All the while, across the room there was another couple looking my direction and whispering, “Man, do you see how old he looks?” I suppose we all have our own special mirrors for just such an occasion. We continued to mix and I was genuinely surprised at how much fun I was having. Eventually the guys separated from their spouses and ended up at a large table. The conversation turned to work and then family, but eventually stories began to surface from our twenty year past. It was fun reliving the events that had bound us all together. I found myself engaged in a really good conversation with someone who later on I would tell Julie, “I wish I had known him better in school. He’s a really neat guy.”

Of course, there was the obvious conversation about the girl who during high school had been a wallflower and now, twenty years later, had become quite the flower. Or, on the other side of the coin was the popular, good-looking guy that all the girls used to swoon over who had lost all of his hair, developed a protruding beer gut, and was working for the county mowing grass on the side of the highway. Again, all superficial, but wasn’t that what high school was all about? A caste system if there ever was one. Everyone pigeonholed into a particular group. At least now, most of those things didn’t matter anymore.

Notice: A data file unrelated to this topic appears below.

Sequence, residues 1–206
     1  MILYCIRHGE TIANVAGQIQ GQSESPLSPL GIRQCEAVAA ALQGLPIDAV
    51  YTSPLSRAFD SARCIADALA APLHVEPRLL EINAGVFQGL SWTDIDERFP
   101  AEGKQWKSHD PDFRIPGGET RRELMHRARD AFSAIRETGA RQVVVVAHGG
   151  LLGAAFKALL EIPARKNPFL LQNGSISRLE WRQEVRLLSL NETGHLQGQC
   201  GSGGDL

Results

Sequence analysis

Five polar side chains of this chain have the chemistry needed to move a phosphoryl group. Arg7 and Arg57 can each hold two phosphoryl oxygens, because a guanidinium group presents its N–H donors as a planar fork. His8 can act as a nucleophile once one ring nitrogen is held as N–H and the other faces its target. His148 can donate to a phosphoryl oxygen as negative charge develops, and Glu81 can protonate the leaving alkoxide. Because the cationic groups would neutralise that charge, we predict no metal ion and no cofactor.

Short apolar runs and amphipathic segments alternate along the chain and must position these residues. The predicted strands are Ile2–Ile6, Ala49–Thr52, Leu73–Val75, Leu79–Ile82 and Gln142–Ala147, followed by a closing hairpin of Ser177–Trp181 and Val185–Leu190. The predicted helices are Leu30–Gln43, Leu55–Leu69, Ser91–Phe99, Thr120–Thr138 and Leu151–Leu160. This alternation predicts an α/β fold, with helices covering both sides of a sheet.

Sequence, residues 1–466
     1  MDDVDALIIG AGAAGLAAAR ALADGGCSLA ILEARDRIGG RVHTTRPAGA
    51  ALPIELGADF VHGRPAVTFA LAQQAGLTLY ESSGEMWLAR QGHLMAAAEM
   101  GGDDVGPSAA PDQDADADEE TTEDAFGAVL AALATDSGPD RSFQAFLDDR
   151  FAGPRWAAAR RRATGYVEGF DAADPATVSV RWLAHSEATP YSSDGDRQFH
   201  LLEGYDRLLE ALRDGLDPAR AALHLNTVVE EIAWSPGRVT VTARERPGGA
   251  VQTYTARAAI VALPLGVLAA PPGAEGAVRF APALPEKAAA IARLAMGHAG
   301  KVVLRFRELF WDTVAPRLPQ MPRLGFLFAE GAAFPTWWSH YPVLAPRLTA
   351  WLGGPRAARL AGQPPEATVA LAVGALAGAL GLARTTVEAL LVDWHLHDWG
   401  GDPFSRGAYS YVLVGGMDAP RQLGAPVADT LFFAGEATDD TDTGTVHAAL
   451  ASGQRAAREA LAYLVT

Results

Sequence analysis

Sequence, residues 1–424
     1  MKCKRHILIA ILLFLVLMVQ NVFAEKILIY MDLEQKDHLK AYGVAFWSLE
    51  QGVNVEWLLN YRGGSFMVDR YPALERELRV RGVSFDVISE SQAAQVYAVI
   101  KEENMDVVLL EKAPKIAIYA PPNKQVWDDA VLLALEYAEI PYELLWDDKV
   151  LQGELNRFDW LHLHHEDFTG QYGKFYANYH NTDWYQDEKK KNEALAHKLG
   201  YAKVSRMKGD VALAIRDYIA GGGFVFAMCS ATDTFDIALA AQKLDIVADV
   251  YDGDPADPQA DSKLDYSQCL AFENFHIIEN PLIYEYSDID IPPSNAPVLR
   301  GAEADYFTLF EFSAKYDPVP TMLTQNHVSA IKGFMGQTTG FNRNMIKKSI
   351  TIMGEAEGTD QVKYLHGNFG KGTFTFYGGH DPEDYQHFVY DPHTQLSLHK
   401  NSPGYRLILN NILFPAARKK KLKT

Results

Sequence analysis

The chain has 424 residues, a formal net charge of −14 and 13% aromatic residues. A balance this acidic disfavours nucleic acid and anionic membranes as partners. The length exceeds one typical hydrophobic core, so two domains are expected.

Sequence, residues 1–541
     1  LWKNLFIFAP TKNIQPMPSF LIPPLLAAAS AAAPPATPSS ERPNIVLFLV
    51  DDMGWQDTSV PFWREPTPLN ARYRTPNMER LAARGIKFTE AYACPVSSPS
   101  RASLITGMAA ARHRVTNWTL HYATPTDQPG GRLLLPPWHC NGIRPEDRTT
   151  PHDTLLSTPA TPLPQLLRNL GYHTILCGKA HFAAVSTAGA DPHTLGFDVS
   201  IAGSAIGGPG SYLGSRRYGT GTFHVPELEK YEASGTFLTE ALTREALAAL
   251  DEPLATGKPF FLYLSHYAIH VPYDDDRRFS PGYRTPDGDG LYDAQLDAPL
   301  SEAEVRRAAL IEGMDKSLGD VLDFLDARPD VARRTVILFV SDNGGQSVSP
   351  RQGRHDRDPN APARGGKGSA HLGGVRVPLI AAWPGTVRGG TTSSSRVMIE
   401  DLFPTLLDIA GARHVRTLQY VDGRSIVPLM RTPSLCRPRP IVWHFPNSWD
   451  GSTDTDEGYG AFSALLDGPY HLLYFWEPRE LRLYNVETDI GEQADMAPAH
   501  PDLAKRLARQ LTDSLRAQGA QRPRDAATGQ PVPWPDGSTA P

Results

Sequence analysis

As the evening wore on, Jim, Andy, and John approached me and asked me if I would be interested in going on a float trip. It had been many years since the four of us had done anything like that, but I was definitely interested and said, “I’m in town for a few days. Count me in.”